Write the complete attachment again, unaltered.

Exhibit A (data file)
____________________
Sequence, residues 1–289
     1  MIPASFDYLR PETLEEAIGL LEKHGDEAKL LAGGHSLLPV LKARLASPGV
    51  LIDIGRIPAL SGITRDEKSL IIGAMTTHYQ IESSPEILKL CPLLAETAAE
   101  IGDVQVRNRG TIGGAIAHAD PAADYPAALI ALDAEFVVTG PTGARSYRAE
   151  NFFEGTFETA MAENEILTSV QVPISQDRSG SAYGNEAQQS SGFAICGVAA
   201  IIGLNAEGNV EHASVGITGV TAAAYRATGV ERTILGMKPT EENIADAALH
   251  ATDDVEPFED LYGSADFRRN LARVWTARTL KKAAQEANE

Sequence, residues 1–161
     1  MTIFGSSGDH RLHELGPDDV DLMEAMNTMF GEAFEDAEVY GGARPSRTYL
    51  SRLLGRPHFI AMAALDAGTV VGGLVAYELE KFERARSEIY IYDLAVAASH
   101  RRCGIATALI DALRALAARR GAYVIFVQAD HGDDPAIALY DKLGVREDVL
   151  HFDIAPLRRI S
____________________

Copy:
Sequence, residues 1–289
     1  MIPASFDYLR PETLEEAIGL LEKHGDEAKL LAGGHSLLPV LKARLASPGV
    51  LIDIGRIPAL SGITRDEKSL IIGAMTTHYQ IESSPEILKL CPLLAETAAE
   101  IGDVQVRNRG TIGGAIAHAD PAADYPAALI ALDAEFVVTG PTGARSYRAE
   151  NFFEGTFETA MAENEILTSV QVPISQDRSG SAYGNEAQQS SGFAICGVAA
   201  IIGLNAEGNV EHASVGITGV TAAAYRATGV ERTILGMKPT EENIADAALH
   251  ATDDVEPFED LYGSADFRRN LARVWTARTL KKAAQEANE

Sequence, residues 1–161
     1  MTIFGSSGDH RLHELGPDDV DLMEAMNTMF GEAFEDAEVY GGARPSRTYL
    51  SRLLGRPHFI AMAALDAGTV VGGLVAYELE KFERARSEIY IYDLAVAASH
   101  RRCGIATALI DALRALAARR GAYVIFVQAD HGDDPAIALY DKLGVREDVL
   151  HFDIAPLRRI S